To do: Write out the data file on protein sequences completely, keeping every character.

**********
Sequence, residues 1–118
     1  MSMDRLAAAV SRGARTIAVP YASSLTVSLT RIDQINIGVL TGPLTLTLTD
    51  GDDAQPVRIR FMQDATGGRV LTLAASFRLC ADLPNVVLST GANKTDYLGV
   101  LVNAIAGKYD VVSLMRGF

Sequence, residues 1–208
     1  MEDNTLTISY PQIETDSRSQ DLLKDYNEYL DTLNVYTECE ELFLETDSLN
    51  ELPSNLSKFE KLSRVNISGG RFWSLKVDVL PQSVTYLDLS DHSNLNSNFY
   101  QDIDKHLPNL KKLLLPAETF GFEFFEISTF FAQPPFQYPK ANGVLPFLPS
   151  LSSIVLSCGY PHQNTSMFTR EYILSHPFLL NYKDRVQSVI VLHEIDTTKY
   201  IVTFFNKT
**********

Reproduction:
Sequence, residues 1–118
     1  MSMDRLAAAV SRGARTIAVP YASSLTVSLT RIDQINIGVL TGPLTLTLTD
    51  GDDAQPVRIR FMQDATGGRV LTLAASFRLC ADLPNVVLST GANKTDYLGV
   101  LVNAIAGKYD VVSLMRGF

Sequence, residues 1–208
     1  MEDNTLTISY PQIETDSRSQ DLLKDYNEYL DTLNVYTECE ELFLETDSLN
    51  ELPSNLSKFE KLSRVNISGG RFWSLKVDVL PQSVTYLDLS DHSNLNSNFY
   101  QDIDKHLPNL KKLLLPAETF GFEFFEISTF FAQPPFQYPK ANGVLPFLPS
   151  LSSIVLSCGY PHQNTSMFTR EYILSHPFLL NYKDRVQSVI VLHEIDTTKY
   201  IVTFFNKT